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Vashon pays up at the pump

Anthony Balbas, who filled his van at the 76 station last week, said he’s felt the impact of rising gas prices. He may have to start using the bus, he said. - Natalie Johnson/Staff Photo
Anthony Balbas, who filled his van at the 76 station last week, said he’s felt the impact of rising gas prices. He may have to start using the bus, he said.
— image credit: Natalie Johnson/Staff Photo

If gas on Vashon remains over $4 a gallon much longer, Anthony Balbas figures he will have to start riding the bus.

Balbas, who paid $50 to put about half a tank of regular gas in his minivan at the 76 station last week, said the Island’s rising gas prices have been hitting his budget hard.

“I live on Social Security, so I see a point in the future when I won’t be driving,” he said, adding that he knows other senior citizens have already given up driving for the same reason.

“For some of us it’s difficult because we have a limited income,” he said.

The whole nation has seen rising prices at the pump in recent weeks due to political unrest in the Middle East and North Africa, sending oil prices to around $107 a barrel this week, the higest rate in a little over two years. And, as usual, Vashon drivers are paying even more to fill up on the Island.

According to AAA statistics, average gas prices in the United States jumped 27 cents in February, from $3.10 to $3.37. Most of the spike occurred during the last part of the month, after Libya — a major oil producing nation —  plunged into chaos.

Early this week, the national average was $3.51 per gallon, and Washingtonians paid about $3.60 at the pump. Islanders, however, shelled out about $4.25 a gallon to fill up in town.

Ron Lewis, who remembers paying 35 cents a gallon for gas on Vashon years ago, expressed similar frustrations as Balbas. Like many Islanders, Lewis tries to fill up his truck off-Island as much as possible and said he has made trips to Tacoma just to get gas.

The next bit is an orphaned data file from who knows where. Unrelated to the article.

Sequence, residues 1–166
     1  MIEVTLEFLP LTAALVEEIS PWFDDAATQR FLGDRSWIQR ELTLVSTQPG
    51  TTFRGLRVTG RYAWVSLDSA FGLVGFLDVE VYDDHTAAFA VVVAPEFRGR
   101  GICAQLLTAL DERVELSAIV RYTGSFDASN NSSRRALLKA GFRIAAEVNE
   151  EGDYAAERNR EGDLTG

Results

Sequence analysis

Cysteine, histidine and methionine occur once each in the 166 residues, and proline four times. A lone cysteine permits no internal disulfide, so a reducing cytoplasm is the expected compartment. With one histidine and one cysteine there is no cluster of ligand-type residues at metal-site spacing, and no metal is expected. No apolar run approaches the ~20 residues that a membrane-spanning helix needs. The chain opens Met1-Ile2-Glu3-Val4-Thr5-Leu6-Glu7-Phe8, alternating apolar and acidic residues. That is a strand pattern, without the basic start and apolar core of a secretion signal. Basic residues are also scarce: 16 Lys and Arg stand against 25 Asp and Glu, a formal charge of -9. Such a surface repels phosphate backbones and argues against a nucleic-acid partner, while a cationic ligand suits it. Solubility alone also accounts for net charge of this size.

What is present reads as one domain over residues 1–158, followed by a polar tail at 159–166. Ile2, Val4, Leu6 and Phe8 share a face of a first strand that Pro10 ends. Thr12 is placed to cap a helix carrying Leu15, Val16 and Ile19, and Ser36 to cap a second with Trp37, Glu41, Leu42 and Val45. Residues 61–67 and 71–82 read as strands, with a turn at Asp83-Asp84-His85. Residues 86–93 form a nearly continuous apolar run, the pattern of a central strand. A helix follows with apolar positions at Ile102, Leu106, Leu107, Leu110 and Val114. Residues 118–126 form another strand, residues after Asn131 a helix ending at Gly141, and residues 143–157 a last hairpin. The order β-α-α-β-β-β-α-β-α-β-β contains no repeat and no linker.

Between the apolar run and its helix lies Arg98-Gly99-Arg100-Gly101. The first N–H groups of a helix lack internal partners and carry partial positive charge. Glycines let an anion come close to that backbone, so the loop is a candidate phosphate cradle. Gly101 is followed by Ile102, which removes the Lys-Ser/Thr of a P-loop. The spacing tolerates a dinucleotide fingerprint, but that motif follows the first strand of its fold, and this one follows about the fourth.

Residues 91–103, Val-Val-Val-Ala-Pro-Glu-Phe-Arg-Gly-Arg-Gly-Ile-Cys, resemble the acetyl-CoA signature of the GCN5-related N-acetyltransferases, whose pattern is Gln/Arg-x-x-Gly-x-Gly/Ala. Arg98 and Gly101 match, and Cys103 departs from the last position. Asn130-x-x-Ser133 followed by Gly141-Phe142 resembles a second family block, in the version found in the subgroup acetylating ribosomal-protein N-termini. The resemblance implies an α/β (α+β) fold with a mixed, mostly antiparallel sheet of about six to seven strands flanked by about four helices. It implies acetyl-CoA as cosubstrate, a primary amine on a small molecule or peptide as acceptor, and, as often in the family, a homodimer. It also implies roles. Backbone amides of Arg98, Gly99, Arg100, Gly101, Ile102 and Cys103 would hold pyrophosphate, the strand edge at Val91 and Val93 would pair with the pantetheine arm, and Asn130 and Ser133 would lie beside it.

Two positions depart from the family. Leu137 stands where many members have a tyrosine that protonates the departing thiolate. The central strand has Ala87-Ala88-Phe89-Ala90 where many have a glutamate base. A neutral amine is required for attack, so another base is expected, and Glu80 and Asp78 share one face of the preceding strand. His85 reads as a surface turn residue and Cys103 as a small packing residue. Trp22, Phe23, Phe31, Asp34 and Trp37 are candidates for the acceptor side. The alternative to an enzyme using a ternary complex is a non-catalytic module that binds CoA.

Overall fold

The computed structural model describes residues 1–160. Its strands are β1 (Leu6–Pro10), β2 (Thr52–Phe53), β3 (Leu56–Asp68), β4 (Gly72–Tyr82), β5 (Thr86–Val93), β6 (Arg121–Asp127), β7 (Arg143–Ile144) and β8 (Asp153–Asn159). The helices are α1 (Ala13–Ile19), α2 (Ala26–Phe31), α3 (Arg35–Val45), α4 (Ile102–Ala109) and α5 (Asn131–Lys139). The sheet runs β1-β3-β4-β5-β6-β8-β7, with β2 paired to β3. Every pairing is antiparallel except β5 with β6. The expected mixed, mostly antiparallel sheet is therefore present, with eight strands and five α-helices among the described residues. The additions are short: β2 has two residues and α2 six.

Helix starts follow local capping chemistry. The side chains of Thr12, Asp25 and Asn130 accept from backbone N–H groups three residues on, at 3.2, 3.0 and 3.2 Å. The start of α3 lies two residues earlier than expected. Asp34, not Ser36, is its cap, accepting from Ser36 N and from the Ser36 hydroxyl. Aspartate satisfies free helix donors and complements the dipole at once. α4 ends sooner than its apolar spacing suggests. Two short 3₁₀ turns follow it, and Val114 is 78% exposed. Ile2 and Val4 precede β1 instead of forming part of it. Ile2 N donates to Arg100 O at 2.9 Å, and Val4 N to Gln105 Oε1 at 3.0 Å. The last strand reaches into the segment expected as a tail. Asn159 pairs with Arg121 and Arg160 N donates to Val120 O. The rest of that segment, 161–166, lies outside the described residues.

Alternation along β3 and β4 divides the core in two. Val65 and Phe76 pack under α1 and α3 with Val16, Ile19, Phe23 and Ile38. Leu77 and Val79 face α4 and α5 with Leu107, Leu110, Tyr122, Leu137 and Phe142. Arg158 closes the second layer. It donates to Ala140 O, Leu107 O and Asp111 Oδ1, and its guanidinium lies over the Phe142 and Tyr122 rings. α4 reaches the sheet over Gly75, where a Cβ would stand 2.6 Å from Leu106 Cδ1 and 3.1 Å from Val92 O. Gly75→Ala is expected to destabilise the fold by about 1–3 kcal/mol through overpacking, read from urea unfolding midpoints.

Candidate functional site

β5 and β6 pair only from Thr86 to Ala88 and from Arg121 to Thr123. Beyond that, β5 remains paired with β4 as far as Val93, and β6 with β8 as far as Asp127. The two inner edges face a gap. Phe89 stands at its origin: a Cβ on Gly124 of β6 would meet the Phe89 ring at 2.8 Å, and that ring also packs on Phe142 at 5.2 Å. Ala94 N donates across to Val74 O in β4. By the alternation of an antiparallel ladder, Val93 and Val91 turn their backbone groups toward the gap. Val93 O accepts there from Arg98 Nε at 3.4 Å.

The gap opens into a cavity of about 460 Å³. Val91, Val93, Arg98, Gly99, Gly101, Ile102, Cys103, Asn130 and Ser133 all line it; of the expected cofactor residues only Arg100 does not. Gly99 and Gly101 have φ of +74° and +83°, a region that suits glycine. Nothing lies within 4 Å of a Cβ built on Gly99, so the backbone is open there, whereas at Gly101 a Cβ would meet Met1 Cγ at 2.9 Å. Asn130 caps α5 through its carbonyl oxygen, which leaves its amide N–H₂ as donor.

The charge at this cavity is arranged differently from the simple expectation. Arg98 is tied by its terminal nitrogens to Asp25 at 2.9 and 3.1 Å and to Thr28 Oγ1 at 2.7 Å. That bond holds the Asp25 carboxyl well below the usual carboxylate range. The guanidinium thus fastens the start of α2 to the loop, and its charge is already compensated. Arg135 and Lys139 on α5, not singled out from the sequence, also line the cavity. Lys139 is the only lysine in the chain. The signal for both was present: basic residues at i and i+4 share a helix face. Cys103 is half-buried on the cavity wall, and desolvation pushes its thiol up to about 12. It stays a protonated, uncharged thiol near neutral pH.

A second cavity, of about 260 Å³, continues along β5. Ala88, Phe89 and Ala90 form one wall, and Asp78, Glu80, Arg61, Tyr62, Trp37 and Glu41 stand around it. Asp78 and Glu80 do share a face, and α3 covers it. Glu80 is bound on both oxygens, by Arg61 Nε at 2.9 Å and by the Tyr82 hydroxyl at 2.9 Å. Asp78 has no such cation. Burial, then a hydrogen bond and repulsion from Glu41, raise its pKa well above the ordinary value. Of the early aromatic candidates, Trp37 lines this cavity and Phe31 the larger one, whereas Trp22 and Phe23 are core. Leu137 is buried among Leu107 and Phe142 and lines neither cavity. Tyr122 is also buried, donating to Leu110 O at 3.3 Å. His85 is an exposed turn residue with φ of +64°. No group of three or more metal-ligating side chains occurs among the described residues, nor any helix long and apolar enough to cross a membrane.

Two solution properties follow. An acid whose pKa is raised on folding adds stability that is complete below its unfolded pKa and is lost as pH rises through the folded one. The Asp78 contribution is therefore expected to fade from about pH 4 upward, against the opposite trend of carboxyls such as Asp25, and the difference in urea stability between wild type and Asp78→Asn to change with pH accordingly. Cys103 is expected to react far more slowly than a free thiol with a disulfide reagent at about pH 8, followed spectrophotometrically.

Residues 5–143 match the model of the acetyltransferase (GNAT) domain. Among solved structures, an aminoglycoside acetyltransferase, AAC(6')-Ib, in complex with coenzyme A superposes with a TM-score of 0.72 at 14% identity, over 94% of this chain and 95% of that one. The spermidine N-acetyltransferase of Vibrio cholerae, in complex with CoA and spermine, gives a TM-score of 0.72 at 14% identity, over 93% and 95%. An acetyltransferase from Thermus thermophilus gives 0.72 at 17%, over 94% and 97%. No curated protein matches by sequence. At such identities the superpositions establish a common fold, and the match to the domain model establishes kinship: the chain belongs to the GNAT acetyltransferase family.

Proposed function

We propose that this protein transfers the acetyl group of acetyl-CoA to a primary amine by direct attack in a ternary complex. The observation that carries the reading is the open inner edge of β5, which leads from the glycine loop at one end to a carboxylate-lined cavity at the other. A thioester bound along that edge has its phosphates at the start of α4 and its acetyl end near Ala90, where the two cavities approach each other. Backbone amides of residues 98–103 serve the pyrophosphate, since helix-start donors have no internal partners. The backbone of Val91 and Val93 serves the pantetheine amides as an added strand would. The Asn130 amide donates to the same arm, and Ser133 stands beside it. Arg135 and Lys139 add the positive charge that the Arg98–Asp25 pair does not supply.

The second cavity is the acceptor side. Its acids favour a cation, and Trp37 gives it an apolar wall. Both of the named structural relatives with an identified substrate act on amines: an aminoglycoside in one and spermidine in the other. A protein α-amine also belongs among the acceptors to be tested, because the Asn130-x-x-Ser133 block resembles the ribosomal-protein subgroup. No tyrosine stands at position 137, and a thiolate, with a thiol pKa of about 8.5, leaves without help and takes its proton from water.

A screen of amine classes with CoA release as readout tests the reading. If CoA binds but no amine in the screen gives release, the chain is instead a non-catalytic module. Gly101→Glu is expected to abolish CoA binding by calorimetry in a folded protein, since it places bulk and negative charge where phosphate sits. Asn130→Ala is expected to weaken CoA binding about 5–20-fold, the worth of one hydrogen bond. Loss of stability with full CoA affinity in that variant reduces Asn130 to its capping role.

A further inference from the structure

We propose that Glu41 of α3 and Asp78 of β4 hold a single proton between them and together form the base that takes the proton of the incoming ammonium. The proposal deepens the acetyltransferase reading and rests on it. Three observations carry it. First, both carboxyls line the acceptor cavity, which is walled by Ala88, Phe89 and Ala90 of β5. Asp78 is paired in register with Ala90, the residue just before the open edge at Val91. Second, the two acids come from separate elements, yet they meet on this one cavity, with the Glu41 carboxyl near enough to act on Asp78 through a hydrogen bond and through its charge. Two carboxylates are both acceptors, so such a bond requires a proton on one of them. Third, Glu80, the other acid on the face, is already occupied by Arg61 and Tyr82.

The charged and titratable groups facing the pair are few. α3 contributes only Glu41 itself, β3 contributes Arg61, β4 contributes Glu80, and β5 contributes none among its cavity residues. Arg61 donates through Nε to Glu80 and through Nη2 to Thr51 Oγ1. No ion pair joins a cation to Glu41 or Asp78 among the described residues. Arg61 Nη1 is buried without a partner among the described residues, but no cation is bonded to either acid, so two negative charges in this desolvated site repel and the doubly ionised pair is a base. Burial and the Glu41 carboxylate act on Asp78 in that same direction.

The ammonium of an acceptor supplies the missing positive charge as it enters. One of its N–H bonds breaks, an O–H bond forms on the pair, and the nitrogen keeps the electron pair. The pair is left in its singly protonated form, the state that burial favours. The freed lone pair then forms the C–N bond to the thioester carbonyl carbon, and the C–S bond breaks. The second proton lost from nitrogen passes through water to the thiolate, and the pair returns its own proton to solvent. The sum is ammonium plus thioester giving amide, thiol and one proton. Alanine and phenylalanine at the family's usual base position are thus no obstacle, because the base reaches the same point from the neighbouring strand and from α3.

“I’d rather pay the ferry fare because it’s $10 cheaper over there, and it’s nice to be able to stop and say hi to friends in Tacoma,” he said.

Lewis, who lived in Hawaii for a time, said he was shocked when he recently returned to Vashon to find that gas was 10 cents a gallon more than what he paid in Hawaii.

“We’re getting slammed,” he said, “I think we’re paying probably the highest prices in the U.S.”

Though Vashon may not be the most expensive place in the county to buy gas right now, it’s certainly in the running for that title. According to AAA, the major city with the most expensive gas early this week was San Diego, where prices averaged $3.97 a gallon on Monday, about a quarter less than in Vashon town.

Paul Engels, owner of Engels Repair & Towing on Maury Island, says that although his current price of $3.99 a gallon for regular gasoline does attract customers, it’s not completely his choice. The station’s pumps, which were purchased a dozen years ago, were not created to handle rates over $4, he said.

“I guess at that time they didn’t anticipate gas would ever get over $4 a gallon,” he said.

The station has already altered the super and mid-range gasoline pumps to charge twice as much as the rate the pump is set at, making it possible to charge customers more than $4 a gallon for those choices.

Engels said that if gas prices stay high or get higher, the station may make a similar fix to the regular gas pumps, as entirely replacing them would be costly.

“Everything would have to go digital, and it would be a lot of money,” he said.

Desirae Smith, who works at the 76 station at Mom’s Deli, said that although the station’s regular gas hit $4 a gallon on March 1 and has been rising since, the high prices haven’t seemed to discourage Islanders from visiting the station. However, she added, some put less gas in their car in anticipation of going off-Island.

“We get more complaints about it, but they still (buy gas),” she said.

Bill Moyer, director of Vashon’s Bakbone Campaign, said he would cringe less at the pump if he knew some of his cash were going toward the development of sustainable engery resources.

He believes the country’s infrastructure is built around gas, with profits going to big oil companies instead of subsidizing alternative energy.

“Unless you change the infrastructure that everyone is dependent upon, we’re all still caught in the same system that requires us to burn fossil fuels,” he said.

And while some are warning about even higher gas prices around the corner, most economists, according to the Associated Press, say future gas prices will depend largely on the political climate in Libya, which has cut its oil production by more than half since conflict began there last month. If violence continues, or spreads to other countries, gas could remain high for at least several months.

If that’s the case, Balbas, who currently pays about $90 to completely fill his minivan’s tank, may be trading in his keys for a bus pass.

“That, or get a ride to the store with a friend,” he said.

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